The concept of the draft is obsolete, in both academic and creative writing, if drafting is a process of rewriting a work anew, recreating and reforming what has already been written in a wholly new text. A “draft” these days is one point at which writing is saved or printed out. Writing now consists of changing a single, fluid text that grows, contracts and changes (as is happening to this post even now, if you could only see it happening as I do). Writing classes that teach first draft, second draft and final draft and do not show students how to use the word processor to revise a text are outdated.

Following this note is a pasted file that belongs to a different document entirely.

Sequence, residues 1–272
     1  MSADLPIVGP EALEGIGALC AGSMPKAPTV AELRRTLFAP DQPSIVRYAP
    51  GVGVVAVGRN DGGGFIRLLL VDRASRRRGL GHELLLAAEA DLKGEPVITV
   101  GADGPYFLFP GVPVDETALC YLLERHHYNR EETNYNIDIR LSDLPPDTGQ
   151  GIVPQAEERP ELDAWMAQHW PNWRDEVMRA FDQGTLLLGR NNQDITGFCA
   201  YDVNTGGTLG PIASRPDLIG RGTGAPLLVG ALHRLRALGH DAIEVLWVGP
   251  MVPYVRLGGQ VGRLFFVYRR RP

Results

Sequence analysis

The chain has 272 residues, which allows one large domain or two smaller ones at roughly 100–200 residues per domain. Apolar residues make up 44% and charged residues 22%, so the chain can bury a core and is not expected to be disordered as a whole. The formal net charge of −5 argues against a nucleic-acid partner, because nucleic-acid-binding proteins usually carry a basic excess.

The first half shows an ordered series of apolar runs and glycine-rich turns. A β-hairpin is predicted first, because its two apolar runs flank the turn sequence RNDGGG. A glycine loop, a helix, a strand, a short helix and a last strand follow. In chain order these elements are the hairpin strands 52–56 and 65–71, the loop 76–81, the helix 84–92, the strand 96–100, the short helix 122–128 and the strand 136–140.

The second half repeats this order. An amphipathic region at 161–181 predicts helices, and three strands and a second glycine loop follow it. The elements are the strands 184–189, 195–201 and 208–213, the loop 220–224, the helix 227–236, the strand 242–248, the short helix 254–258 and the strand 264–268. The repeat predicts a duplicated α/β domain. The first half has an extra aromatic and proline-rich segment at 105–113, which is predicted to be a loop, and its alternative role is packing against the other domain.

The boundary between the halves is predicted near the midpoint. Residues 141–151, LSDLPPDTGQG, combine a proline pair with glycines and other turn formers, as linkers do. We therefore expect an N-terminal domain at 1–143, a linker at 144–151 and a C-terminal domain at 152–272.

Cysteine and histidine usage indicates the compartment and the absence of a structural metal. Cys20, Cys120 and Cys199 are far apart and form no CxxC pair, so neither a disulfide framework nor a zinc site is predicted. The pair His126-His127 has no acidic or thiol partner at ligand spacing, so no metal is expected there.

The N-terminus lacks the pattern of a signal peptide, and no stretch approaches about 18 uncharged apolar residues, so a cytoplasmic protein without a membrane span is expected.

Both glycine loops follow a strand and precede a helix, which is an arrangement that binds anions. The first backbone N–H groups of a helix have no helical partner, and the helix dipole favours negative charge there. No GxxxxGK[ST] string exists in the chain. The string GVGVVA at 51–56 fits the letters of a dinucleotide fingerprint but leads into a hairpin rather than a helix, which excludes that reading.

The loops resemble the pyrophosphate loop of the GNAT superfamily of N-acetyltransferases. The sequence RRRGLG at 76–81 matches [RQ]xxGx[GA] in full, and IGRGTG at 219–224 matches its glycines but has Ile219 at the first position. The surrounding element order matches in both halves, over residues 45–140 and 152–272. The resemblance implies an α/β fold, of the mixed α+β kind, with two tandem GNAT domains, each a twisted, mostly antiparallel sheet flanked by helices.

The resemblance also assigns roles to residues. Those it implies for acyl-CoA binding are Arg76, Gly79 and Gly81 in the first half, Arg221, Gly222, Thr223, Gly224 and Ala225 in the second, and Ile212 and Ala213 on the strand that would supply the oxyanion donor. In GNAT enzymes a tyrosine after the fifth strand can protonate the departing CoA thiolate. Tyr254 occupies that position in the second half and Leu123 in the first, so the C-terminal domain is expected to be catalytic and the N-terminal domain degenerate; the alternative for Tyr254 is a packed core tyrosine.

When I started the master’s program at San Francisco State, a friend introduced me — against my will — to Google docs. Now listen, he insisted, this will make it easier to write and print out your work. I now use Google docs for almost all of my writing, including creative writing.
What are new literacies? How do new literacies differ from old ones? How does this affect how we write and how we teach writing? To address these questions, I will look at three articles: “‘New’ Literacies: Research and Social Practice” by Colin Lankshear and Michele Knobel, “Sampling ‘the New’ in New Literacies” by the same authors and “Looking from the Inside Out: Academic Blogging as New Literacy” by Julia Davies and Guy Merchan from the New Literacies Sampler.